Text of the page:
Cato scholars have since published numerous Immigration Research and Policy Briefs to shed light on this topic.  Michelangelo Landgrave, a doctoral student in political science at the University of California, Riverside, and I released a paper today that estimates that illegal immigrant incarceration rates are about half those of native-born Americans in 2017.  In the same year, legal immigrant incarceration rates are then again half those of illegal immigrants.  Those results are similar to what Landgrave and I published for the years 2014 and 2016.  We estimated illegal immigrant incarceration rates by using the same residual method that demographers use to estimate the number of illegal immigrants in the United States, only we also applied that method to the prison population.  We used the same method to also find that the incarceration rate for young illegal immigrants brought here as children and theoretically eligible for deferred action is slightly below those of native-born Americans.

The second strand of research from Cato looks at criminal conviction rates by immigration status in the state of Texas.  Unlike every other state, Texas keeps track of the immigration statuses of convicted criminals and the crimes that they committed.  Texas is a wonderful state to study because it borders Mexico, has a large illegal immigrant population, is a politically conservative state governed by Republicans, had no jurisdictions that limited its cooperation with federal immigration enforcement in 2015, and it has a law and order reputation for strictly enforcing criminal laws.  If anything, Texas is more serious about enforcing laws against illegal immigrant criminals than other states.  But even here, illegal immigrant conviction rates are about half those of native-born Americans – without any controls for age, education, ethnicity, or any other characteristic.  The illegal immigrant conviction rates for homicide, larceny, and sex crimes are also below those of native-born Americans.  The criminal conviction rates for legal immigrants are the lowest of all.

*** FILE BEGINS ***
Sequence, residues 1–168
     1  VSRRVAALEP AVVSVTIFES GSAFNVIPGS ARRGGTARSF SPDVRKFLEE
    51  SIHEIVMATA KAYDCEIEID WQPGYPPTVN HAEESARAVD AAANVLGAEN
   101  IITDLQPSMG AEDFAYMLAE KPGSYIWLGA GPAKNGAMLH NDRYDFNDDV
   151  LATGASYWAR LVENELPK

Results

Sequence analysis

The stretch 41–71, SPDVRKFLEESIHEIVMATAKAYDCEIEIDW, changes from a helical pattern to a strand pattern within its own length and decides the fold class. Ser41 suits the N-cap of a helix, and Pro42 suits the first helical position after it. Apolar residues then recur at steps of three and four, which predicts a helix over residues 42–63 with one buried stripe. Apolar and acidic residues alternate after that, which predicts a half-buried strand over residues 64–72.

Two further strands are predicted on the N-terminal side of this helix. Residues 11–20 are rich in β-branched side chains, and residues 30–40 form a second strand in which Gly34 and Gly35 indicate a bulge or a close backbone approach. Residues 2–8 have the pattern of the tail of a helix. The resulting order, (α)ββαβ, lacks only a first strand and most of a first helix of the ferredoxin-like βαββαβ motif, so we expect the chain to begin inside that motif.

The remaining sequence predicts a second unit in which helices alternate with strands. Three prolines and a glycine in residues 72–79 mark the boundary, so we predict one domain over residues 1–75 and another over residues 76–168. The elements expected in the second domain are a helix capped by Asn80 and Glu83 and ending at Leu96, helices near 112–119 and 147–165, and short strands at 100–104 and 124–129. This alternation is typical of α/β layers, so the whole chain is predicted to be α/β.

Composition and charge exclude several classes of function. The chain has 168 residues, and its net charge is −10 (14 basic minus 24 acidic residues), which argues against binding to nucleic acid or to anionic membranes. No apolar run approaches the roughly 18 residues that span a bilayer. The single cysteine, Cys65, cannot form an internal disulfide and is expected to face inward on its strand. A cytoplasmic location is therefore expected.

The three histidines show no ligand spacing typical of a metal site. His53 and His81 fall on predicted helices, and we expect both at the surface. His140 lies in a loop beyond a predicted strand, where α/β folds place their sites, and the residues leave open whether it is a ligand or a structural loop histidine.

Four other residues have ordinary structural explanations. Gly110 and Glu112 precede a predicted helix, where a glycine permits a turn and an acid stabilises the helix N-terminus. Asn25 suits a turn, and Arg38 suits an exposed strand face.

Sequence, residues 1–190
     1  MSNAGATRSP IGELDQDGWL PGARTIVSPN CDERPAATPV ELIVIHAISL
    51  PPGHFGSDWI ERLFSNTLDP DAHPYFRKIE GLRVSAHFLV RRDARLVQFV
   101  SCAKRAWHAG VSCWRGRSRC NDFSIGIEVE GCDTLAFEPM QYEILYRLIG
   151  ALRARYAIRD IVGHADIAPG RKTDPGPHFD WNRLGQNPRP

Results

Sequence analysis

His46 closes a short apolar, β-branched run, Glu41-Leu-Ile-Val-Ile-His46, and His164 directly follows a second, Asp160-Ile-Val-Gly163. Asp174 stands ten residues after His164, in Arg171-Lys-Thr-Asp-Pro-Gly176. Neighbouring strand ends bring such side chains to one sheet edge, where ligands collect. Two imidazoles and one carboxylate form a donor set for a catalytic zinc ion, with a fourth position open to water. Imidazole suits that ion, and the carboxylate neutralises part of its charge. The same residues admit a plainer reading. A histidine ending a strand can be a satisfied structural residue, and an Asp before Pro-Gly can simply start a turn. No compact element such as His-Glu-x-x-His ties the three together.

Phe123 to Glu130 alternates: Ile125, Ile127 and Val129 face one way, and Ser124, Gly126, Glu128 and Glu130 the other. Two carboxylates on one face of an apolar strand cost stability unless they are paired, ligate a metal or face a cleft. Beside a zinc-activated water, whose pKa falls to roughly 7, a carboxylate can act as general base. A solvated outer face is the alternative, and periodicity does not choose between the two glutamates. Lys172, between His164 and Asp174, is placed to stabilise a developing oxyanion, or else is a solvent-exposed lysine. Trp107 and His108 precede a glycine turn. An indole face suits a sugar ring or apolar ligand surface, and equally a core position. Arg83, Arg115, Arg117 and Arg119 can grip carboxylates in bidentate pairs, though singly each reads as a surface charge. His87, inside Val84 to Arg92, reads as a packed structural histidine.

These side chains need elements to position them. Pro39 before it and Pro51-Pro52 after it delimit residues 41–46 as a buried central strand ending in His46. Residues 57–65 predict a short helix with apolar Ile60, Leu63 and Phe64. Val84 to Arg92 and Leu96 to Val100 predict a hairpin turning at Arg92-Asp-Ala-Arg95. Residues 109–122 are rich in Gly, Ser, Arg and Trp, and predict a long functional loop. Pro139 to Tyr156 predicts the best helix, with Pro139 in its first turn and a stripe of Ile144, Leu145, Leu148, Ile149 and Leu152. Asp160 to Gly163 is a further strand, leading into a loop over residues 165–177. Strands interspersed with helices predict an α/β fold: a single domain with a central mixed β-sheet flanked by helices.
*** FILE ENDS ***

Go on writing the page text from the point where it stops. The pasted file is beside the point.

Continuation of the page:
Illegal Immigrant Conviction Rates Are Low, Even When Factoring in Recidivism

 Over the last two years, Cato has published three Immigration Research and Policy Briefs on illegal immigrant criminality.  In each one, we found that illegal immigrants have lower criminal conviction rates in the state of Texas and lower nationwide incarceration rates relative to native-born Americans.  Although nobody has criticized our methods or the data, we answer other criticisms that arise.

The best recent criticism is that illegal immigrant conviction rates are low because they are deported after they serve their sentences, which reduces their recidivism rates relative to native-born Americans who cannot be deported after being released from prison.  Thus, the illegal immigrant incarceration or conviction rates are lower than those of native-born Americans because it is more difficult for them to recidivate as they would have to enter the country illegally again to do so.  This has been a difficult criticism to address as data limitations are severe, but we attempted to do so after making some assumptions.  We focused on comparing first-time criminal conviction rates.

We estimate that native-born Texans had a first-time criminal conviction rate of 683 per 100,000 natives in 2016.  In the same year, we estimate that illegal immigrants had a first-time criminal conviction rate of 462 per 100,000 illegal immigrants – 32 percent below that of native-born Americans.  Thus, about 36 percent of the gap that we observed in criminal conviction rates between illegal immigrants and native-born Americans can be explained by lower illegal immigrant recidivism that is likely due to their deportation. 

This question could have been easily resolved by comparing the immigration statuses of first-time offenders.  Of course, such data do not exist.  Regardless, this is still an important question even if our estimate results from a back of the envelope estimate.  You can judge for yourself how we came to this estimate.  This is how we did it. 

First, we used the Arizona state prison data from 2016 for those admitted to state prison that year.  Of U.S. citizens sent to prison that year, 58 percent had previously been to prison at some point since 1984.  The subpopulation of deportable non-citizens, which includes illegal immigrants but is not limited to them, had a recidivism rate of 47 percent – below those of U.S. citizens, but not that much below.